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First American Bank: Credit Default Swaps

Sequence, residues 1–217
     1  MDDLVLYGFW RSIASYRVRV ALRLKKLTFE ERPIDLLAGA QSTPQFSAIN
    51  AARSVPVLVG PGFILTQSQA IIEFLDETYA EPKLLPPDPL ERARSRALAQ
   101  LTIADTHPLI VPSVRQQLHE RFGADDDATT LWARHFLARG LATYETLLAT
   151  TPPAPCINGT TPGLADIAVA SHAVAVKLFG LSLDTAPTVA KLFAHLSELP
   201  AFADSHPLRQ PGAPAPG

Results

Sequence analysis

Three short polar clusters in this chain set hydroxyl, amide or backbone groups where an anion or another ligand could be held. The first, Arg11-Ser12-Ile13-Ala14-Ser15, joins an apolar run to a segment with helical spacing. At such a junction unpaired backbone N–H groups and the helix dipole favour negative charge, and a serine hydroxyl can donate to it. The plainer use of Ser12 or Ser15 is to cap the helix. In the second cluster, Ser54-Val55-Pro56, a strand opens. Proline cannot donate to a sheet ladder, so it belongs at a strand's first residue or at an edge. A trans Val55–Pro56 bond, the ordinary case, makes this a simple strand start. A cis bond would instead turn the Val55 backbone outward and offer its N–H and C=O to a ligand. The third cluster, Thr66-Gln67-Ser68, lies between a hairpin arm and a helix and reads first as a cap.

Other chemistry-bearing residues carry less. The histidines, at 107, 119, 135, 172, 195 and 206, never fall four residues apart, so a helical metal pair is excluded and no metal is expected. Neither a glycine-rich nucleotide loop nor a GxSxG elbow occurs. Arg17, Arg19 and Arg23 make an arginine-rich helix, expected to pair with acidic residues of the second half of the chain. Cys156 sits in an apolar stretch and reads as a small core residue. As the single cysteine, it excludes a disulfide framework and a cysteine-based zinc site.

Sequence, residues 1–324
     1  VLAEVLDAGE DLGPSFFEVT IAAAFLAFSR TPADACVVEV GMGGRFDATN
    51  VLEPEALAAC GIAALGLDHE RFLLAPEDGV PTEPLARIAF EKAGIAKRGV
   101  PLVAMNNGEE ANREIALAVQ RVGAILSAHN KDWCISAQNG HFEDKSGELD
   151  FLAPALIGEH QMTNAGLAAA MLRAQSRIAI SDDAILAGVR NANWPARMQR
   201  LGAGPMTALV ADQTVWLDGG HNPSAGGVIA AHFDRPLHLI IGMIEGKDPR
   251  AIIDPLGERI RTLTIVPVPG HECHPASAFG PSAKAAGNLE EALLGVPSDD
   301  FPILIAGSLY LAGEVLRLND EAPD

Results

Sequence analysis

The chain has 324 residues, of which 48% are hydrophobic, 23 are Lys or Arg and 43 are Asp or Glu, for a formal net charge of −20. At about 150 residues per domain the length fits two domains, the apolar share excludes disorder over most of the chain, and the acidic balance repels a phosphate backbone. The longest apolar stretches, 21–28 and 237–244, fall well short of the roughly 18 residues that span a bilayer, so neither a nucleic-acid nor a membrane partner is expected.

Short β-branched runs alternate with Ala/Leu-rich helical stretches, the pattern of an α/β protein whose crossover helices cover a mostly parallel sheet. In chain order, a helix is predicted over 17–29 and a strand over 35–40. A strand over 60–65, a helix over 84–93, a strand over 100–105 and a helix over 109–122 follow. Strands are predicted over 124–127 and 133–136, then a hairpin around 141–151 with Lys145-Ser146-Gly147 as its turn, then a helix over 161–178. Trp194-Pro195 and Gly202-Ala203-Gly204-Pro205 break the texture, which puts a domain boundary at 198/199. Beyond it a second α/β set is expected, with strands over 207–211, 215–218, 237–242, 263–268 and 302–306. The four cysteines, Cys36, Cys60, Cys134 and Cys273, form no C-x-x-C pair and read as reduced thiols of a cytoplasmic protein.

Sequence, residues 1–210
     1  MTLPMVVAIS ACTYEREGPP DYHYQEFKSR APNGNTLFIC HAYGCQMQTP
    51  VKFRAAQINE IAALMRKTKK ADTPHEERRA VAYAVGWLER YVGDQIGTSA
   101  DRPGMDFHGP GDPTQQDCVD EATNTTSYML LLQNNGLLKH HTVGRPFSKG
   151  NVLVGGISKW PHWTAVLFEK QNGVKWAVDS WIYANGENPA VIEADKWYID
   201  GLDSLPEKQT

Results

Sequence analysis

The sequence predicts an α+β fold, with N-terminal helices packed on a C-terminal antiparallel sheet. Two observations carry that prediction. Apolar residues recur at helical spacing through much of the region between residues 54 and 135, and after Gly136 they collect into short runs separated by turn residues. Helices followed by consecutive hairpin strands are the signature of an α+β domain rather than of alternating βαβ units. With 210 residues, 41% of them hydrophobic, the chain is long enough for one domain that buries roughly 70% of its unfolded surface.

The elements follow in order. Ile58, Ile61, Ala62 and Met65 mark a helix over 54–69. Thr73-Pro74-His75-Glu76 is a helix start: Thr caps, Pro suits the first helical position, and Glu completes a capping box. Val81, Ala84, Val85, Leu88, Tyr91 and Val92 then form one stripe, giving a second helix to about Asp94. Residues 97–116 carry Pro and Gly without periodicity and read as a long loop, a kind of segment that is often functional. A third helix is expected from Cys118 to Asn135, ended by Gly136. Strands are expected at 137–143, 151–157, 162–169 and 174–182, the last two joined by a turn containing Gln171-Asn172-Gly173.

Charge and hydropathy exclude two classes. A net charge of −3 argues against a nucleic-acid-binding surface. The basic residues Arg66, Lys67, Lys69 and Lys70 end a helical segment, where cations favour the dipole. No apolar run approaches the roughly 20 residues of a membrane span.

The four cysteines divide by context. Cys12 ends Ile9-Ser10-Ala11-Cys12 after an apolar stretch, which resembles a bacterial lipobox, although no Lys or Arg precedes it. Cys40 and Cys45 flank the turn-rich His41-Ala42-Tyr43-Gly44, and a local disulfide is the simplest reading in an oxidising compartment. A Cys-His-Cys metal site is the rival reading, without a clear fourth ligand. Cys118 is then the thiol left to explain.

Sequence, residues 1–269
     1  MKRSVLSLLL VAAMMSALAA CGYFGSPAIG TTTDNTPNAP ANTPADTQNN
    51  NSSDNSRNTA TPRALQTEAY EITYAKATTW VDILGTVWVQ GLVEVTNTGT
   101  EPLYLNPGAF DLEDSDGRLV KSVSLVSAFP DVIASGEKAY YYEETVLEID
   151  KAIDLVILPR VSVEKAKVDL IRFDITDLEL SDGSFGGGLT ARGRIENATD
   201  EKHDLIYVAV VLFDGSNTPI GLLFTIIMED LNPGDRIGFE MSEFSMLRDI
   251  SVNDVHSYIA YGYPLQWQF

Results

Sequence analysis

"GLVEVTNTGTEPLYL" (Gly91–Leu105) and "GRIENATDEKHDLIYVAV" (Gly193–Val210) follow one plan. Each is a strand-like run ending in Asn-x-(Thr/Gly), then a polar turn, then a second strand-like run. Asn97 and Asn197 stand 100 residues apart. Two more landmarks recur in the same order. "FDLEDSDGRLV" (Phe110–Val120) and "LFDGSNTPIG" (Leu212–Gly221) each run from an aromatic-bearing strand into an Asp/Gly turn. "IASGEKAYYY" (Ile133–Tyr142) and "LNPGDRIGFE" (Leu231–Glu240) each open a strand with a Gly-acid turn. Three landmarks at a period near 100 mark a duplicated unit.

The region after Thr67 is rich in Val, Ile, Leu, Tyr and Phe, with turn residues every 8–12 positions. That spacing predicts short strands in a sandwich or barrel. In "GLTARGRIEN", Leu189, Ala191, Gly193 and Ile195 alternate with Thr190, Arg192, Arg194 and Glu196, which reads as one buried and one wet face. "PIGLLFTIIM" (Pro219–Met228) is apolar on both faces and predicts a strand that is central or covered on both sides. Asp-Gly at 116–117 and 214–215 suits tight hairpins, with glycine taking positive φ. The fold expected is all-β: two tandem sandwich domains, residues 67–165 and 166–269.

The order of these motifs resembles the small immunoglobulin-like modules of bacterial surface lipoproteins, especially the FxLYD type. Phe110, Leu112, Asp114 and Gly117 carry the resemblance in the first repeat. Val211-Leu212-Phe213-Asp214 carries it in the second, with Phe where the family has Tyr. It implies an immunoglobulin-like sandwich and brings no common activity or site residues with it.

It was approaching 8 p.m. on a Wednesday in April 2002 when Chris Kittal received an urgent call from a contact at Charles Bank International (CBI). Kittal was a managing director in First American Bank's credit derivatives unit in New York City. CBI, a medium-sized U.S. commercial bank based on the East Coast, had recently been approached by one of its corporate clients in need of additional funding. The client, CapEx Unlimited (CEU), a rapidly growing telecommunications company, had been a loyal banking customer with CBI for over five years and had used the bank in some lucrative transactions during that time. CEU was in the middle of an industry shakeout and required $50 million to finance the expansion of its network. The company had already accumulated $100 million in previous loans from CBI and was depending on their relationship with the bank for the additional funding. While reasonable by itself, the new loan, when added to CBI's existing loans to CEU, would put CBI over its credit exposure limit with respect to a single client. In compliance with its internal lending statutes, CBI was unable to extend the additional loan to CEU and faced the possibility of damaging their banking relationship. Taking steps to prevent this, CBI's management called on Kittal to see if CBI could use credit derivatives to their advantage. Kittal envisioned helping CBI mitigate the credit risk exposure to the additional loan using a single-name credit ...

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